SC set to hear appeal of Delhi HC bail order in UAPA case of riots
New delhi: The Supreme Court is scheduled to hear on Thursday the petitions filed by Delhi Police challenging the Delhi High Court verdicts granting bail to three student activists in a north-east Delhi riots case.
The apex court had on June 18 expressed its displeasure over the high court discussing the entire Unlawful Activities (Prevention) Act (UAPA) in a bail matter and made it clear that the judgements shall not be treated as a precedent and may not be relied upon by any of the parties in any of the proceedings.
The top court, which had agreed to hear the appeals filed by police and issued notices to JNU students Natasha Narwal and Devangana Kalita and Jamia Millia Islamia University student Asif Iqbal Tanha seeking their responses, had refused to stay the high court verdicts.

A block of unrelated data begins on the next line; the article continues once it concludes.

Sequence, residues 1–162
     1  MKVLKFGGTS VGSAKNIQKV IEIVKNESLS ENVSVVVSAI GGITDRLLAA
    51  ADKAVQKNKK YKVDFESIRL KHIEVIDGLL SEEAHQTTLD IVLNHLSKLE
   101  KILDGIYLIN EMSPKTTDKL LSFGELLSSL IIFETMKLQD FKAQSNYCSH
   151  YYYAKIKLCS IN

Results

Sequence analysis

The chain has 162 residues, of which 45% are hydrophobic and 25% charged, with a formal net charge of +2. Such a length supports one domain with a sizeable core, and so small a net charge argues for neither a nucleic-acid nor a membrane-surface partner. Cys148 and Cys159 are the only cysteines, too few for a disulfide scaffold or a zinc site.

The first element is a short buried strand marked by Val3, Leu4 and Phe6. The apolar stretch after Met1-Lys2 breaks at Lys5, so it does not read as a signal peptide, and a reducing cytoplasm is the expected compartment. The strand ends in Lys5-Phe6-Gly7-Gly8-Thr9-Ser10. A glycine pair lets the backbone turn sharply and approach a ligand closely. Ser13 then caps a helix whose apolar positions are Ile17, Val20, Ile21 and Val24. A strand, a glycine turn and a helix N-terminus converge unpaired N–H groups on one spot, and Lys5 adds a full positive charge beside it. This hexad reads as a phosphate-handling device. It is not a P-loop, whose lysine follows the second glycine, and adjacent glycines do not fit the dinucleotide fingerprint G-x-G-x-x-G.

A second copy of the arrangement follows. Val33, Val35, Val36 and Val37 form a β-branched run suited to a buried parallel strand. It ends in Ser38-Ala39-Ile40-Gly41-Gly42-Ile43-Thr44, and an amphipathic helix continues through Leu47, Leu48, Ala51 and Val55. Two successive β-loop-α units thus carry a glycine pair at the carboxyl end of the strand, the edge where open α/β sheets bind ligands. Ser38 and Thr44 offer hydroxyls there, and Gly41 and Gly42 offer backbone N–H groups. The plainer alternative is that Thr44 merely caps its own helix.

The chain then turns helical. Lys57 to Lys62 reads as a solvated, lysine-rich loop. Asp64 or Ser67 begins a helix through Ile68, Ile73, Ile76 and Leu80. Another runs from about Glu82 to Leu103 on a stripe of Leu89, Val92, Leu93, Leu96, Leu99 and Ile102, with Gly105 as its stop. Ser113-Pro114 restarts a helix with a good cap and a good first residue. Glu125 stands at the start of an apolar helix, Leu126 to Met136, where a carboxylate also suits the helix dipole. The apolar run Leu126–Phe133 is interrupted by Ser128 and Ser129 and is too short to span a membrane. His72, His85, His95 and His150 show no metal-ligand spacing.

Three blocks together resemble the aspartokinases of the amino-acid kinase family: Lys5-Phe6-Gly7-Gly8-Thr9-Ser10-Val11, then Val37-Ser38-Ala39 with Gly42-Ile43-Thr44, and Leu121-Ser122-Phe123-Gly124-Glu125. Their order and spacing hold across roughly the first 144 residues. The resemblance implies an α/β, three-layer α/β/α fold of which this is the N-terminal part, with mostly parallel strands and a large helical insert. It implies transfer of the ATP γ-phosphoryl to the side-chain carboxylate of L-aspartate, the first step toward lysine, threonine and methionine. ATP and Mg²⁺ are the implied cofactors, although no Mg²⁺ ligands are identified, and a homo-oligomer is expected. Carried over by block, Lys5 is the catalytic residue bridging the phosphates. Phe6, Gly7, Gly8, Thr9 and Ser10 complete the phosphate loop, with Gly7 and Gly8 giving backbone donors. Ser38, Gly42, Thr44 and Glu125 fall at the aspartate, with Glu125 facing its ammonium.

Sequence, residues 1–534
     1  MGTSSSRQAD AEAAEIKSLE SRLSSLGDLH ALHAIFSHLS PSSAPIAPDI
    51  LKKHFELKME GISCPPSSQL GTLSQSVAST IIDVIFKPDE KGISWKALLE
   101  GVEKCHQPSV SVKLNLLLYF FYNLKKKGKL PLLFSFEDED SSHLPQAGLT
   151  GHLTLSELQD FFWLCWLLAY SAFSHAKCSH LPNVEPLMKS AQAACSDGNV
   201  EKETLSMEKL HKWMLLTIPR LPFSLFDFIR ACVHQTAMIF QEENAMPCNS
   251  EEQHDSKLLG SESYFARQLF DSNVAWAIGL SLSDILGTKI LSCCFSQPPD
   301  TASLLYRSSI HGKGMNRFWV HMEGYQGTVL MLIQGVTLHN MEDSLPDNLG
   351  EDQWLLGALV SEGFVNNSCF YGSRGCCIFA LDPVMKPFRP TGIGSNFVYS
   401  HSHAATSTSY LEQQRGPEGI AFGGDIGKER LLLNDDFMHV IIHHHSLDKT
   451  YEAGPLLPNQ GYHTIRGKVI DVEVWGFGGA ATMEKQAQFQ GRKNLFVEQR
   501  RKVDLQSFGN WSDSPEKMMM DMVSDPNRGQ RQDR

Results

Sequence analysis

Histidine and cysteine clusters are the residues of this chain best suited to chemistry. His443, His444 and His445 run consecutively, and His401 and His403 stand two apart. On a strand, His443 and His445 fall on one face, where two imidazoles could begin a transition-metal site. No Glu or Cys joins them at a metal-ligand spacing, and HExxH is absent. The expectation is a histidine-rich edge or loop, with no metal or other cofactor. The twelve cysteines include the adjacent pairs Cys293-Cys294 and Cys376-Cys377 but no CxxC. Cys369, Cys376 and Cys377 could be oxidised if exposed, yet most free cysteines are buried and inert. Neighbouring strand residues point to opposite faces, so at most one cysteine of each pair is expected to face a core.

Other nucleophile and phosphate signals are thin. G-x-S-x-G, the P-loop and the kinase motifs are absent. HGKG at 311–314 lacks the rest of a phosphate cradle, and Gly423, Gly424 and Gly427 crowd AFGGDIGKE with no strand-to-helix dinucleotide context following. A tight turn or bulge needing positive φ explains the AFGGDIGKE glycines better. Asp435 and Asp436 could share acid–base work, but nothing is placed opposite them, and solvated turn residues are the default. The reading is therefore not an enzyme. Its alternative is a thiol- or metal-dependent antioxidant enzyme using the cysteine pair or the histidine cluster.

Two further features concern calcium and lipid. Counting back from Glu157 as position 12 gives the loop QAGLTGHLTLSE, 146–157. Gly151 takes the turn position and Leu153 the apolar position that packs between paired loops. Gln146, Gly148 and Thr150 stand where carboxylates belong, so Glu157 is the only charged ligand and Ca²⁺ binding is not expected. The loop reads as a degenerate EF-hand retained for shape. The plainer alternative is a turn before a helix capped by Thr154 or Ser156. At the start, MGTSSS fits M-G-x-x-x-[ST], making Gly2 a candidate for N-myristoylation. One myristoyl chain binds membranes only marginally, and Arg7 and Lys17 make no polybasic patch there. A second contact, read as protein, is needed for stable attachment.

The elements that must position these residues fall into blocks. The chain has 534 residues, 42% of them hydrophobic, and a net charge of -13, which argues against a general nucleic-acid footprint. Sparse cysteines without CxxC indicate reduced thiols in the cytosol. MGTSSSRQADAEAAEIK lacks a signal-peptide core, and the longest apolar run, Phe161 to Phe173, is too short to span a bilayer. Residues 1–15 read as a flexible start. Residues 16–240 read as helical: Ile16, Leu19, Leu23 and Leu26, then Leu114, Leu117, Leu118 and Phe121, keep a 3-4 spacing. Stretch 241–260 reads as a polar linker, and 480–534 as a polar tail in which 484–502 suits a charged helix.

The apex court had clarified in its June 18 order that release of these students on bail was not being interfered with at this stage.
The pleas would come up for hearing on Thursday before a bench of Justices Sanjay Kishan Kaul and Hemant Gupta.
While hearing the matter last month, the top court had taken note of Solicitor General Tushar Mehta's submission that the entire UAPA has been "turned upside down" by the high court in granting bail in the case and observed that the issue is important and can have pan-India ramifications.
The high court had said although the definition of terrorist act' in Section 15 of the UAPA is wide and somewhat vague, it must partake the essential character of terrorism and the phrase terrorist act' cannot be permitted to be applied in a cavalier manner to criminal acts that squarely fall under the Indian Penal Code.
The Delhi Police has assailed the verdict, saying the interpretation of high court would weaken the prosecution in terror cases.
The police further contended in its appeal that the high court had said the UAPA provisions can only be applied to deal with matters of profound impact on the Defence of India', nothing more and nothing less.
The high court had on June 15 granted bail to the three student activists saying in an anxiety to suppress dissent the State has blurred the line between right to protest and terrorist activity and if such a mindset gains traction, it would be a "sad day for democracy".